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Another try with the birds...

Discussion in 'Birds' started by nburwell, Sep 16, 2005.

  1. In my continued effort to improve my bird pictures, I shot about 100+ images last night after dinner in my backyard. Unforunately, out of the 100+ images that I shot, only a few came out to my liking. This one picture below is one of them.

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  2. Gale


    Jan 26, 2005
    Viera Fl
    That is a pretty sparrow
    Sure is a tiny subject :>)))

    Comp is i a tad off. My hats off to you for trying such a difficult subject
  3. Were all your 100 shots with the Sigma 70-200 ?
  4. Flew


    Jan 25, 2005

    This is not a bad small bird shot, but I can tell you from my own experience that shooting small birds takes either getting very close (with some kind of blind perhaps), or long glass. Mike Mac is one of the few to get really good close-ups of small birds with the 70-200VR, and he has a special set-up where they perch very close.

    If possible, try to get some place where there are larger birds like pigeons, gulls or ducks and geese, or perhaps look into a longer lens. A really good choice would be the Sigma 50-500 (Bigma). It can be had for around $600-700, and is an excellent starter bird lens. It has the fast focusing HSM motor and is very sharp. I had one when I started, and I've seen some really excellent shots by others. The cool thing about the Bigma is that when / if you get ready for a prime, you can usually sell it for about what you paid for it.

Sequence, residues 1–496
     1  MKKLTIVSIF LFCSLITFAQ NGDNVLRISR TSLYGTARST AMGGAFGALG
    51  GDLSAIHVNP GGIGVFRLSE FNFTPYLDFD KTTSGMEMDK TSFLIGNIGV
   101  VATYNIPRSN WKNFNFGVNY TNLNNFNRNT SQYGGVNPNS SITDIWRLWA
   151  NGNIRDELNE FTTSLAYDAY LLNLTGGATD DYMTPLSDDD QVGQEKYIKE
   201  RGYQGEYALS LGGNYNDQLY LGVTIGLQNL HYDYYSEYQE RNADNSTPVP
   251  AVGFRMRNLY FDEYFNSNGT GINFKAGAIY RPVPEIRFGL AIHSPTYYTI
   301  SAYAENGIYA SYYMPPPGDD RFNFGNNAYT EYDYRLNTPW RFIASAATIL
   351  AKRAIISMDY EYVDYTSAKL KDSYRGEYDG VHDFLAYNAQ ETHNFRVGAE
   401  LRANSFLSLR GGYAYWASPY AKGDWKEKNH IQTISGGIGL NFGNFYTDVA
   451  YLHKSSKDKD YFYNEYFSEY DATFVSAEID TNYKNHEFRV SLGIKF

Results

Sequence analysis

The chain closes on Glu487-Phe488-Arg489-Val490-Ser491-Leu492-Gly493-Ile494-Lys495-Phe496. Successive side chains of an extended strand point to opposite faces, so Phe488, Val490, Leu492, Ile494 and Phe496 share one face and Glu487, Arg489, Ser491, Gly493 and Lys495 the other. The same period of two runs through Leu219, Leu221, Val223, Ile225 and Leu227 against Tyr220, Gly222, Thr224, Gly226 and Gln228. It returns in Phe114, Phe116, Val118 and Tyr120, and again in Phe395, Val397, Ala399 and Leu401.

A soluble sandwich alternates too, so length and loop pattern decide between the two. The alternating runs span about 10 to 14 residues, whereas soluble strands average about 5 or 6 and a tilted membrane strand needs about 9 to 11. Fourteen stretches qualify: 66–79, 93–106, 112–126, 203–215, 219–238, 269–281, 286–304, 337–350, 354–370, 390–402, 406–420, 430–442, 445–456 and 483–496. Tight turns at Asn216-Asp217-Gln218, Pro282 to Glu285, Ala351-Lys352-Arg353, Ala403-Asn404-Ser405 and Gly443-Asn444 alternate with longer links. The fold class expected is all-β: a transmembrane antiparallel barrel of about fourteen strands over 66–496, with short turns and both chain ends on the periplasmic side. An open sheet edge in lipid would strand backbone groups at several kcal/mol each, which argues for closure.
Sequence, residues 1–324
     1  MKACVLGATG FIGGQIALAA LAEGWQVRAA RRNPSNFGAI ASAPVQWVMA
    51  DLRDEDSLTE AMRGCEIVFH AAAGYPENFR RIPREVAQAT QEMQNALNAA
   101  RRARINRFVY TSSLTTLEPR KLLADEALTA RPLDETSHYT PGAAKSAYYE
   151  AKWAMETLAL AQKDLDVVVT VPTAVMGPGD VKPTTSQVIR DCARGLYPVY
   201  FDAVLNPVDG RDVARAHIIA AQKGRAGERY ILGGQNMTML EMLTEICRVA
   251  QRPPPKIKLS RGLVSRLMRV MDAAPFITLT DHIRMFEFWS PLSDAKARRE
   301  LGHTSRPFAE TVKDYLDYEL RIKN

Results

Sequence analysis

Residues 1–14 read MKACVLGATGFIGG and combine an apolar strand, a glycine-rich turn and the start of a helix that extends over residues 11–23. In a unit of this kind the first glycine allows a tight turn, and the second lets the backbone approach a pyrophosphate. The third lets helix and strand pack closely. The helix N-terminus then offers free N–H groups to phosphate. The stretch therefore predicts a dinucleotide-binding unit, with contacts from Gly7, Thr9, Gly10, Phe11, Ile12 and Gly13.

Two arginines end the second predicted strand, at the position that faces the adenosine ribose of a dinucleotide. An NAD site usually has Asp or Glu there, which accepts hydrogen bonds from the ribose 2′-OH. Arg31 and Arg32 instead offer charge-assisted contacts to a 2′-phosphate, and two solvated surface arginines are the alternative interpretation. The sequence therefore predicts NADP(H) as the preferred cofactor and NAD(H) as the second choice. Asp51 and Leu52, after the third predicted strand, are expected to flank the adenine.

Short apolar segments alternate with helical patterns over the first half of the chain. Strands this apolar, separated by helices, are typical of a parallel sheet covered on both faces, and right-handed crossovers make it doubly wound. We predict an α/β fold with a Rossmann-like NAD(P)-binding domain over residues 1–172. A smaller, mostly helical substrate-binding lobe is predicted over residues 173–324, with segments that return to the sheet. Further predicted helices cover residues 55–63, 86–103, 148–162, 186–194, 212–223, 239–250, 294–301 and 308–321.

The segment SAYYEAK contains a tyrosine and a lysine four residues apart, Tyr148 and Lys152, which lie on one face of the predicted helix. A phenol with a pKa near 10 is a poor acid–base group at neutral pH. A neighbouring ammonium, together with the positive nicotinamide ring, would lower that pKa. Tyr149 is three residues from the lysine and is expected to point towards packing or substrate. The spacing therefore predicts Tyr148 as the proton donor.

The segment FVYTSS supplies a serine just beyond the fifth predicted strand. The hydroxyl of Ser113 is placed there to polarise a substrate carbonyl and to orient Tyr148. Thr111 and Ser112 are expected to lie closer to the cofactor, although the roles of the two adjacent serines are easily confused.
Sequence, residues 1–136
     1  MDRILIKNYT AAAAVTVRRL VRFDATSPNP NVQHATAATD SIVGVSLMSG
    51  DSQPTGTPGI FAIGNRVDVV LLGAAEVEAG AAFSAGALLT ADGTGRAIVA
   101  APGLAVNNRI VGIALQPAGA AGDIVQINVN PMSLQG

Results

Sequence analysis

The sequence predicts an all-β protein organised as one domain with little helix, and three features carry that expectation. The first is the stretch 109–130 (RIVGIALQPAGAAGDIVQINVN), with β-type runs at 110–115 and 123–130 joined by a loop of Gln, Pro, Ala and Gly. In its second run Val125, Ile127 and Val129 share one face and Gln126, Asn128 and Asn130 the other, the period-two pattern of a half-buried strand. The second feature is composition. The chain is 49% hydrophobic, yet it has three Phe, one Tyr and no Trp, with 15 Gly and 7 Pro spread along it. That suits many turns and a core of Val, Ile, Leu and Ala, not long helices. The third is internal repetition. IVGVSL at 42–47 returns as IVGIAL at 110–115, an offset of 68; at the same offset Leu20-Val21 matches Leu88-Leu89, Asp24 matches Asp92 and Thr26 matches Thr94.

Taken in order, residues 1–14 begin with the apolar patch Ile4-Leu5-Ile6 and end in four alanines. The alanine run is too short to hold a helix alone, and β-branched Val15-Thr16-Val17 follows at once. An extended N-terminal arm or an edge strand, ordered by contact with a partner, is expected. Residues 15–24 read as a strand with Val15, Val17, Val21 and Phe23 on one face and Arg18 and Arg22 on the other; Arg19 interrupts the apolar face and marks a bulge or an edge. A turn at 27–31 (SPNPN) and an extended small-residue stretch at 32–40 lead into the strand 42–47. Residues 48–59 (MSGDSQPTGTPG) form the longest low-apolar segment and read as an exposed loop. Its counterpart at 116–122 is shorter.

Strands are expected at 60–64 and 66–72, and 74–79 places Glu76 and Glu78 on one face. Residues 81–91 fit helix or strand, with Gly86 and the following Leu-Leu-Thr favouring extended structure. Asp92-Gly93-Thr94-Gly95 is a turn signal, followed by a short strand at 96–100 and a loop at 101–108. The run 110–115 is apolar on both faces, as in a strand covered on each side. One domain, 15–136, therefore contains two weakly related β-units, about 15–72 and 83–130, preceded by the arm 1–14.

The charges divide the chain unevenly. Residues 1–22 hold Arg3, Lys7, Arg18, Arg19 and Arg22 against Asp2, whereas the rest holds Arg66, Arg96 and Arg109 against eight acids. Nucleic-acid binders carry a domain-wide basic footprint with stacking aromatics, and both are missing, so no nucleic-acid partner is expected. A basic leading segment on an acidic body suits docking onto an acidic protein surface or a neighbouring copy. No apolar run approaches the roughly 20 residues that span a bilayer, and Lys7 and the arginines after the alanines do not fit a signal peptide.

Good luck.
  5. Hi Nick,

    I would encourage you to find birds in an area without man made objects. Nature photography, if at all possible, should be shot without man made distractions. Now that said, it is good that you are out there giving it your best shot. All really good bird photographers had to start out someplace and they continue to improve with practice.

    You might try some bird feeders in your yard to attract our feathered friends. Use your longest lens and sit quietly in the area of your feeders. Small birds are the hardest to photograph it seems to me but I also think they are the most rewarding. Good luck.
  6. MontyDog


    Jan 30, 2005
    #1064 - You have an error in your SQL syntax;
  7. drueter


    Apr 24, 2005
    Southeast Texas
    Glad to see you're continuing your pursuit of bird photography, Nick! Don't get discouraged with your low keeper ratio - it will improve with more practice.

    When I first started shooting birds last year, I had a very low keeper ratio. Several thousand shots later, I'm still learning something every time I shoot and have significantly improved my keeper ratio. But I'm still a long way from where I want to be.

    Small birds are the most difficult since you need to get closer or have longer glass, and they tend to move faster. There's lots of great advice in other replies here, so try a few of the suggestions and keep on shooting! Keep posting your results here, too -- this is a great place to get lots of good feedback!
  8. bfjr

    bfjr Guest

    Hey Nick
    Everything everyone has said is all 100% correct
    Keep shooting them birdies, it requires constant practice, what fun!! :smile:

    I'm actually not fond of feeders either, you could try wild bird seed and throw it in likely areas around your backyard, just a thought :wink:
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